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David Frischman

דוד פרישמן

David Frischman (1859-1922) was born in Zgierz, near Lodz, Poland, to a well-to-do mercantile family which, although traditional, approved of the Haskalah. His education included the humanities as well as Hebrew religious studies. His first work, an original short story, was published in 1878. He then moved on to writing poetry and polemical essays.

Between 1890 and 1894 Frischman studied philology, philosophy and the history of art at the University of Breslau. He returned to Warsaw in 1995 and until 1910 worked translating the works of writers such as George Eliot, Pushkin, Byron and Nietzsche into Hebrew. In 1901 Frischman became editor of a literary weekly, Ha-Dor, whose high literary standard attracted the most talented writers of the day. However, limited circulation forced the weekly to close down after a year. He also edited a number of literary supplements in Vilnius and Warsaw as well as a series of anthologies including his translation of Thus Spake Zarathustra.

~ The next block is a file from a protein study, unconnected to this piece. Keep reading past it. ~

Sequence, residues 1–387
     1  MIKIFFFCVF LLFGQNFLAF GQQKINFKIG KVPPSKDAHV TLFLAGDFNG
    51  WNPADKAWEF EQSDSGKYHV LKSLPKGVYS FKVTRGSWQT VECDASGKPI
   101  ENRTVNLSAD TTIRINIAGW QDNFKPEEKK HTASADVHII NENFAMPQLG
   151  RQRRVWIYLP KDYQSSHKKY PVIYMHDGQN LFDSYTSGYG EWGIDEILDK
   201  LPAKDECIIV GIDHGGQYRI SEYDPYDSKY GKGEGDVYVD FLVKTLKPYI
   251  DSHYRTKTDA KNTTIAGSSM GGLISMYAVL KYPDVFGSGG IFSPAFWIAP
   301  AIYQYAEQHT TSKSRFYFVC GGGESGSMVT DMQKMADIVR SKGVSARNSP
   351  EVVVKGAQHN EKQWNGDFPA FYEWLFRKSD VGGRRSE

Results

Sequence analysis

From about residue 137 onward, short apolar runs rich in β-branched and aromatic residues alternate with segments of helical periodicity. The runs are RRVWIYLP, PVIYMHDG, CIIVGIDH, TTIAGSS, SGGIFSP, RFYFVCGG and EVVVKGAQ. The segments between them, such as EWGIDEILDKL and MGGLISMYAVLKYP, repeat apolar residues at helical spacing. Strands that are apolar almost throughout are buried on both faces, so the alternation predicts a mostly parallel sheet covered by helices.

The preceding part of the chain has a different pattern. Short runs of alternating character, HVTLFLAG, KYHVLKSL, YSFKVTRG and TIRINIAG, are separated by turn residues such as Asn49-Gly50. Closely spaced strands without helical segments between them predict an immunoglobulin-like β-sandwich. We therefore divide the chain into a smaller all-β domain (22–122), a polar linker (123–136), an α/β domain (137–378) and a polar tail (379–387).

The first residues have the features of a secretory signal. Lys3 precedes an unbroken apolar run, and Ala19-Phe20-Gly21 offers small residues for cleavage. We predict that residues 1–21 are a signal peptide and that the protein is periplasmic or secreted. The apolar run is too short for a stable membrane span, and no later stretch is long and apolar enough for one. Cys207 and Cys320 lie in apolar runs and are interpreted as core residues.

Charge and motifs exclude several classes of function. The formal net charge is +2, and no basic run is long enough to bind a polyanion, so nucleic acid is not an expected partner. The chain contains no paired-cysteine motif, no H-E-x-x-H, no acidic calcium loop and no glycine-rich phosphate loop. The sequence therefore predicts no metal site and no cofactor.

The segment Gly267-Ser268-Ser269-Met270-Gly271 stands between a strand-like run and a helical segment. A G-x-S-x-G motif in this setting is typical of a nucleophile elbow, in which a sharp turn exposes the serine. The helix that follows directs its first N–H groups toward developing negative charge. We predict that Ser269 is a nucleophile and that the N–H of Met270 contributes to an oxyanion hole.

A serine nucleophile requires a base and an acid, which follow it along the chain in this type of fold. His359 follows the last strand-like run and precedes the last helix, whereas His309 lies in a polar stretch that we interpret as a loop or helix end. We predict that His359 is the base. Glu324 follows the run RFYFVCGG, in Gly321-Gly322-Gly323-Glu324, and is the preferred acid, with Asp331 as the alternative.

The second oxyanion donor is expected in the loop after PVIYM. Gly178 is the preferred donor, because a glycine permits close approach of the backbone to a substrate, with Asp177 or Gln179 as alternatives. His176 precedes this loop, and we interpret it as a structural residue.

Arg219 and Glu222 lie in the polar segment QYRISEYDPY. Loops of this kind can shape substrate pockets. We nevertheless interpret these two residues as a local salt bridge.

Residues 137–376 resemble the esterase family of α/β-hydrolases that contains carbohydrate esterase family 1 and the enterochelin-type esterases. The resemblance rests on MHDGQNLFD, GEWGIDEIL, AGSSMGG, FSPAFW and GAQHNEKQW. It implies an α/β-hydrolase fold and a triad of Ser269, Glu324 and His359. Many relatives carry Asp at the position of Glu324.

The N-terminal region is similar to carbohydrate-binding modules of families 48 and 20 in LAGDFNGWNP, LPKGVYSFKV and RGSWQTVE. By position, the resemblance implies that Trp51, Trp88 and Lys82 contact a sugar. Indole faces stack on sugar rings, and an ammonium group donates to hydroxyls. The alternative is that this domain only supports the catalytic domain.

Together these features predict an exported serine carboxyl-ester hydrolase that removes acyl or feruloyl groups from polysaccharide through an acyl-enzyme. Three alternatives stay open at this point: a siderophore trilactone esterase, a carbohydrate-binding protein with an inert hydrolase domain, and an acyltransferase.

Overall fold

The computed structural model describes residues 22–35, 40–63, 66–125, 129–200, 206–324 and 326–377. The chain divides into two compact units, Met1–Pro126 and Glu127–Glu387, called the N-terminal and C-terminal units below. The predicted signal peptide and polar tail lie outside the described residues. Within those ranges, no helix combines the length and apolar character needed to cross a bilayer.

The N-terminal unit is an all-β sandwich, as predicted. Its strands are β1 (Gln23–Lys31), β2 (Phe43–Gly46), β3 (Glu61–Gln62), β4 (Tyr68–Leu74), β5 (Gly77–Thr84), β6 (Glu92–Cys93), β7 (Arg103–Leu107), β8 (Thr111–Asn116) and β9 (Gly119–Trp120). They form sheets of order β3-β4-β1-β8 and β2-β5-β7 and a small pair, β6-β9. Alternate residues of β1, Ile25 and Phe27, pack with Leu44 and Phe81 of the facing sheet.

Frischman visited Palestine twice, in 1911 and 1912. He published his travel impressions in a small book, In the Land of Israel, in 1913. He wrote about the landscape, the holy places, the pioneers, and the beginning of the revival of Hebrew. He openly retracted his reservations about the rebirth of Hebrew as a vernacular.

At the outbreak of World War I, Frischmann, in Berlin at the time, was imprisoned as an enemy alien. Eventually he was set free and allowed to return to Poland, but when the German army neared Warsaw, he left for Odessa, where he remained until the Russian Revolution. A Hebrew literary center formed in Moscow after the 1917 revolution, and Frischmann was invited to be the chairman of the editorial board of Stybel Publications. In 1919 Stybel was closed down and re-established itself in Warsaw, where Frischmann continued in his capacity as editor.

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